UMBC McNair Scholars Program

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Funded by the U.S. Department of Education, the Ronald E.McNair Post Baccalaureate Achievement (McNair Scholars) Program provides experiences that prepare students for graduate education in all disciplines. The program involves students in research, mentoring, and other scholarly activities. McNair participants are from diverse backgrounds and have demonstrated strong academic potential. The goal of the program is to increase the attainment of research-based doctoral degrees by students from underrepresented segments of society.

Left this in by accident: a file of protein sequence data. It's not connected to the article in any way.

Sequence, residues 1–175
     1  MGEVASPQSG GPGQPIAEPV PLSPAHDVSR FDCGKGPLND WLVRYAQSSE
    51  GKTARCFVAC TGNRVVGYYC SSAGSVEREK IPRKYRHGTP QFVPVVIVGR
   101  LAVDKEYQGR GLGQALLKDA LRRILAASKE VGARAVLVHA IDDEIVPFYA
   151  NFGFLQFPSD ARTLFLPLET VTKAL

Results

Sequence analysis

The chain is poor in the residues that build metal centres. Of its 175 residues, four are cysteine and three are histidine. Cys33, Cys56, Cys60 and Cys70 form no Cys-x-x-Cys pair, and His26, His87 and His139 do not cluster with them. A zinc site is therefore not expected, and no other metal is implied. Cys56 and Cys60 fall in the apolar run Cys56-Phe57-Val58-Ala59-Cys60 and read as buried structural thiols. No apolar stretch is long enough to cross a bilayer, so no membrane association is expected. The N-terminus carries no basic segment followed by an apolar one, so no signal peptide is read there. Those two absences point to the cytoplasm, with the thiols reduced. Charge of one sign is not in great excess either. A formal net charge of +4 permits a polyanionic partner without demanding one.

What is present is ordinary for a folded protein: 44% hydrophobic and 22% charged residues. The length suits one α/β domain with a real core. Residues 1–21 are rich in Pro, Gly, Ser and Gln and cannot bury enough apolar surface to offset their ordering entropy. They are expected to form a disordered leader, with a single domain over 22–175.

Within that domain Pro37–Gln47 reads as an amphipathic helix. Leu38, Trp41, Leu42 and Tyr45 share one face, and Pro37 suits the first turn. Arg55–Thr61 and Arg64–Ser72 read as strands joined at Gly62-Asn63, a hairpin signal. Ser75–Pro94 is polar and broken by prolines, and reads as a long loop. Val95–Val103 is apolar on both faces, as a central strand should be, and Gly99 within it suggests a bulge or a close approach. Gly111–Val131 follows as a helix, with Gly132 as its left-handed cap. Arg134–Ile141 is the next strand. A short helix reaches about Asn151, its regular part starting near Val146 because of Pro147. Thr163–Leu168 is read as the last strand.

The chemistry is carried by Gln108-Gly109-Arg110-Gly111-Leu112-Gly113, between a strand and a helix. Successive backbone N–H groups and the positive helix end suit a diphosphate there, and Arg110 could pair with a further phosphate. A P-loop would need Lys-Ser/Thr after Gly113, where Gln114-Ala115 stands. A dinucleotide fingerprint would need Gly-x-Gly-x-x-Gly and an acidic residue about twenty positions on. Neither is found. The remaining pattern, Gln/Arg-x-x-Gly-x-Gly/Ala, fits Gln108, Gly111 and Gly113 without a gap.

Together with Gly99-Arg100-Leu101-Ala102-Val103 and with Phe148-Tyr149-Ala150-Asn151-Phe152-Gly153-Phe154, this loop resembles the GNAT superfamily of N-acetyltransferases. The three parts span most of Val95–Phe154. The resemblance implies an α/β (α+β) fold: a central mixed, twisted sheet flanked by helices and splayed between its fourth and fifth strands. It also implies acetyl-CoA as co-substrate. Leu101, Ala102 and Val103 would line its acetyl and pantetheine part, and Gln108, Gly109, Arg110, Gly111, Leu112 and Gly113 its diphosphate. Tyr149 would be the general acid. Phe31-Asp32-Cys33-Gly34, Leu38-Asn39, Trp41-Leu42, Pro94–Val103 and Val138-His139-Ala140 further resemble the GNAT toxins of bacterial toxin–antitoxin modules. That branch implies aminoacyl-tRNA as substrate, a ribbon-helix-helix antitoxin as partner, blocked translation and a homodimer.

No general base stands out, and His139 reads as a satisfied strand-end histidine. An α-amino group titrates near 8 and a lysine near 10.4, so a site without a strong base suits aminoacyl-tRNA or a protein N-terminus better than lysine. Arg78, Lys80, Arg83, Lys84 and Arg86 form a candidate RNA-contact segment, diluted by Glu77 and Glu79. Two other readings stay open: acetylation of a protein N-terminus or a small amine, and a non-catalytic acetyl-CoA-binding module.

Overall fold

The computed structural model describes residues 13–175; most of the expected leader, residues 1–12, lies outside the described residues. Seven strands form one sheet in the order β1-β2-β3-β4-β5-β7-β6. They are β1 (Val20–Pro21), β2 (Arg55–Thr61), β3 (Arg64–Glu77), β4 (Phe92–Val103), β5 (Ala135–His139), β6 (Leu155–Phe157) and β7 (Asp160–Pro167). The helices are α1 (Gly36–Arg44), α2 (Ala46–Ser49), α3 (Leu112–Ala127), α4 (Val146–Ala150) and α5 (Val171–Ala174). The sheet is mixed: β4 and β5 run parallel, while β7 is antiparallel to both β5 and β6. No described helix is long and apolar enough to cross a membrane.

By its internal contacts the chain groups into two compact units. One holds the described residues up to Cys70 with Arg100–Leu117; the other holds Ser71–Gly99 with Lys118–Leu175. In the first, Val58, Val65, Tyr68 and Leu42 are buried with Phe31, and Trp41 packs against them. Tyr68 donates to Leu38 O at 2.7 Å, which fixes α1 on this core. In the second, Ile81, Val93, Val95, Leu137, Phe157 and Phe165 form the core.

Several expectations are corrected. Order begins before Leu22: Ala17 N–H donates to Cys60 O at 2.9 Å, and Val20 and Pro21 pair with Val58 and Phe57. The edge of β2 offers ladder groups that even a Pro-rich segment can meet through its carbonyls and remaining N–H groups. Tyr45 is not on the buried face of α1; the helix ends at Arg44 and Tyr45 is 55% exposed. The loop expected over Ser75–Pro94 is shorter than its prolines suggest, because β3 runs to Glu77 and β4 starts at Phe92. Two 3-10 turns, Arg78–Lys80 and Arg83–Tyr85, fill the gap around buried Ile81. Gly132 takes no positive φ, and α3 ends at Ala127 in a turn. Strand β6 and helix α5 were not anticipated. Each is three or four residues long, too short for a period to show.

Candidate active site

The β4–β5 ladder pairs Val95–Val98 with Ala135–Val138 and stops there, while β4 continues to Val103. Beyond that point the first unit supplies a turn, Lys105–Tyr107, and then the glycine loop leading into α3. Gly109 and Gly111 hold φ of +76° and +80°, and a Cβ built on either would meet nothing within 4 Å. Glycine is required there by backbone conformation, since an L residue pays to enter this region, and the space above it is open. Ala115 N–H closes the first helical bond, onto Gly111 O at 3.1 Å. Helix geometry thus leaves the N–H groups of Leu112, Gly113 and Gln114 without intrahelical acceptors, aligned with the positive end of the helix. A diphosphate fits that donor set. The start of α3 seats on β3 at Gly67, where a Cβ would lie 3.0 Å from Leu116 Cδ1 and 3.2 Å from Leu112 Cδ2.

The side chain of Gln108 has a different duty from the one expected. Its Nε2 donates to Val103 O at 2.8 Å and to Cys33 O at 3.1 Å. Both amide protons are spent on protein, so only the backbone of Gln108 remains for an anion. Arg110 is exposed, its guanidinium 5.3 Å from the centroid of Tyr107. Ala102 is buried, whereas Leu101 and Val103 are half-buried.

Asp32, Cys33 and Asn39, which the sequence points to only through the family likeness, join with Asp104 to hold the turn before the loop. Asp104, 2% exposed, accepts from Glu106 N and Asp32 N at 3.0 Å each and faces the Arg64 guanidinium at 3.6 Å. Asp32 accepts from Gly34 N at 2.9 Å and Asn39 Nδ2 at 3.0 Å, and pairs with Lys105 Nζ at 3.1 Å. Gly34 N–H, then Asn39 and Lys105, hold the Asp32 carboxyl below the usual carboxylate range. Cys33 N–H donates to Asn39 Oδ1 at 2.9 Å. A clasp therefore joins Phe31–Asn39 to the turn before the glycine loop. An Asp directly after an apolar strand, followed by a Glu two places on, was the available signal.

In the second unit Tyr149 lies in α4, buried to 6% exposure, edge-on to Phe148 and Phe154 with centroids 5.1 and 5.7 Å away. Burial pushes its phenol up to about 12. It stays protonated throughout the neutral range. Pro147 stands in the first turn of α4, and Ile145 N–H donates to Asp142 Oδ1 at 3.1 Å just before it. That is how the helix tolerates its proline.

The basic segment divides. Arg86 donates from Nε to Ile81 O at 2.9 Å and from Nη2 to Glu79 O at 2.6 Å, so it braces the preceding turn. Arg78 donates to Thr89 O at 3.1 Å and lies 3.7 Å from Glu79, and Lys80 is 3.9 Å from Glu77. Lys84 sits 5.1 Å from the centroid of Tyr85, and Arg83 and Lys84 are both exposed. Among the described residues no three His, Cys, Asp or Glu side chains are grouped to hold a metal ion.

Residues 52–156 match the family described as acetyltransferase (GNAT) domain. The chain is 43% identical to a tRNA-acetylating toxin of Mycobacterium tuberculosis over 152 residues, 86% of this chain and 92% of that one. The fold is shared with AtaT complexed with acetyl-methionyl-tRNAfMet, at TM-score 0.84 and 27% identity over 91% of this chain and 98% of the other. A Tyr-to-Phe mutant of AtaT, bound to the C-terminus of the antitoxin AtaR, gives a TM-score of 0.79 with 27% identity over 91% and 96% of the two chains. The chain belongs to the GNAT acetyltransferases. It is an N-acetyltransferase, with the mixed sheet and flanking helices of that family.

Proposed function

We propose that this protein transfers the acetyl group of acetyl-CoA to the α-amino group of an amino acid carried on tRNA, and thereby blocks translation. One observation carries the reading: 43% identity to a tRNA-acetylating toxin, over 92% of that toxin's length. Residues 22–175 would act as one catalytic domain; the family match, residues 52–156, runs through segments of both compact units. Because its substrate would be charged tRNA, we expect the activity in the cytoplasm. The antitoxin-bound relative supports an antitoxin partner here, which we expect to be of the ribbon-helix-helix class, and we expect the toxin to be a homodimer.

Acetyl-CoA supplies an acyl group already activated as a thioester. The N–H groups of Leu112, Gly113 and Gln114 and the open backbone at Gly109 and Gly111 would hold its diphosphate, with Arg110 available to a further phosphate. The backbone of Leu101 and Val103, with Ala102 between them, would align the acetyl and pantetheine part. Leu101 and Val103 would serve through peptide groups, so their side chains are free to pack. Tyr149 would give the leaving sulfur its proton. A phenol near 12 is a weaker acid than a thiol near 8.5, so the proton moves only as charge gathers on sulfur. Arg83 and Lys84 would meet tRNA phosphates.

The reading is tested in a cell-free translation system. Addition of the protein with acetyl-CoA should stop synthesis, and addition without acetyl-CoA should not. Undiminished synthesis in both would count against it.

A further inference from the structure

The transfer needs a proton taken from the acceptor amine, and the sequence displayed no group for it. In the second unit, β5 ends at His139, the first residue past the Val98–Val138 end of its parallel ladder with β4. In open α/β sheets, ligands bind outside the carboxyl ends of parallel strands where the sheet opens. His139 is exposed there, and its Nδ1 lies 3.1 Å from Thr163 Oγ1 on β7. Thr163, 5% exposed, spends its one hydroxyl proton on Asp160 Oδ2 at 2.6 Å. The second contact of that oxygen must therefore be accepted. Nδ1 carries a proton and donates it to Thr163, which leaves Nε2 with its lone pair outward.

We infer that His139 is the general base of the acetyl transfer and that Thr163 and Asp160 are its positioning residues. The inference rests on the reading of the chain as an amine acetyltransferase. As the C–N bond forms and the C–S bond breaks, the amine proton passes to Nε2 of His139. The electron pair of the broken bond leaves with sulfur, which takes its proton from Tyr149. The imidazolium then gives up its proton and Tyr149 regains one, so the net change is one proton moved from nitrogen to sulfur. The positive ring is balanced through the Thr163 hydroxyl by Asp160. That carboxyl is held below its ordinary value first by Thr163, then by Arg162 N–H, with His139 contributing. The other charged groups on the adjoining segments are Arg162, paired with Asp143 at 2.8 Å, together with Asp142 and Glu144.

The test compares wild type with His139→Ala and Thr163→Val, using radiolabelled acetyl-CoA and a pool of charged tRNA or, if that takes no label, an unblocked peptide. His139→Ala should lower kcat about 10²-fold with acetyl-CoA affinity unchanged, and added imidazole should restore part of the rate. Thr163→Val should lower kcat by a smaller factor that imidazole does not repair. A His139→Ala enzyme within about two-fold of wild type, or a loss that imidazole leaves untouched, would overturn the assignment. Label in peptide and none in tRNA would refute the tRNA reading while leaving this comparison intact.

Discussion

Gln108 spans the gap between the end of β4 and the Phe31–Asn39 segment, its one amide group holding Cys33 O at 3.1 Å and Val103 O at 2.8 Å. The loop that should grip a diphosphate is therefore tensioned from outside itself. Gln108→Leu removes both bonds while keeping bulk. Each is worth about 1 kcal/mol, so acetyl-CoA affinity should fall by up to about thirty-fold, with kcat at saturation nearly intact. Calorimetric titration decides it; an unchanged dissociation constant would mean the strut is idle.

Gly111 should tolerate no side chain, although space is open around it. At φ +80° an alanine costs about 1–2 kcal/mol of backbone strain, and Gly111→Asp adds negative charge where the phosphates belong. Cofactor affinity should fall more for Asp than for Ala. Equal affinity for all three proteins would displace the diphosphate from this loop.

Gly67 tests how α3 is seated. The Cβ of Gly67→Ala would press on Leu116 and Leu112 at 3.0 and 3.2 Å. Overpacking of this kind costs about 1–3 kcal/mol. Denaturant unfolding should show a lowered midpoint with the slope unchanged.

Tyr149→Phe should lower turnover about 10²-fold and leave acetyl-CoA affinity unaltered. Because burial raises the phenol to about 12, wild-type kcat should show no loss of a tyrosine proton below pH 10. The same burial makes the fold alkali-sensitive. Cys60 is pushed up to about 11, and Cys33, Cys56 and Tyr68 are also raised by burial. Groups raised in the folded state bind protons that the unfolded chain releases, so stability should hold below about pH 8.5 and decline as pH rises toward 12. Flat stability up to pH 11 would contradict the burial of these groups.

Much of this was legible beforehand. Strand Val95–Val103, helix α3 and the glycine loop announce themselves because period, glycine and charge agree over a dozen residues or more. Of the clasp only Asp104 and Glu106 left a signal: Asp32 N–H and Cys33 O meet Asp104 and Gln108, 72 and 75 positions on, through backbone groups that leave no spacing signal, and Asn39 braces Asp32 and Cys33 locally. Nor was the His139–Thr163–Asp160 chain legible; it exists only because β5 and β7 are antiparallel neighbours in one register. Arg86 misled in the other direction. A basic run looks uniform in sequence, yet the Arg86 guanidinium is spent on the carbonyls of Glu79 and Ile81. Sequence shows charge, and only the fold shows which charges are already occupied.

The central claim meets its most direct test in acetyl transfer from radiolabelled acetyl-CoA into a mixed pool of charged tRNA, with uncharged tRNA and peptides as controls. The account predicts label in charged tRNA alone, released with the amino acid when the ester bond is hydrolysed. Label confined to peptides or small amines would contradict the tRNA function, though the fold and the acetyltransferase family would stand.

Annually, McNair Scholars are selected from among eligible UMBC students to participate in a variety of activities designed to prepare them to progress to earn doctoral degrees. Eligible participants are low-income, first-generation college students, or are members of groups underrepresented in graduate education.

The McNair Scholars Program at UMBC is one of many federally funded programs across the United States and Puerto Rico.


Recent Submissions

Now showing 1 - 5 of 5
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    Sex-specific mechanisms underlie long-term potentiation at hippocampus-nucleus 2 accumbens synapses
    (2024-01-24) Copenhaver, Ashley E.; LeGates, Tara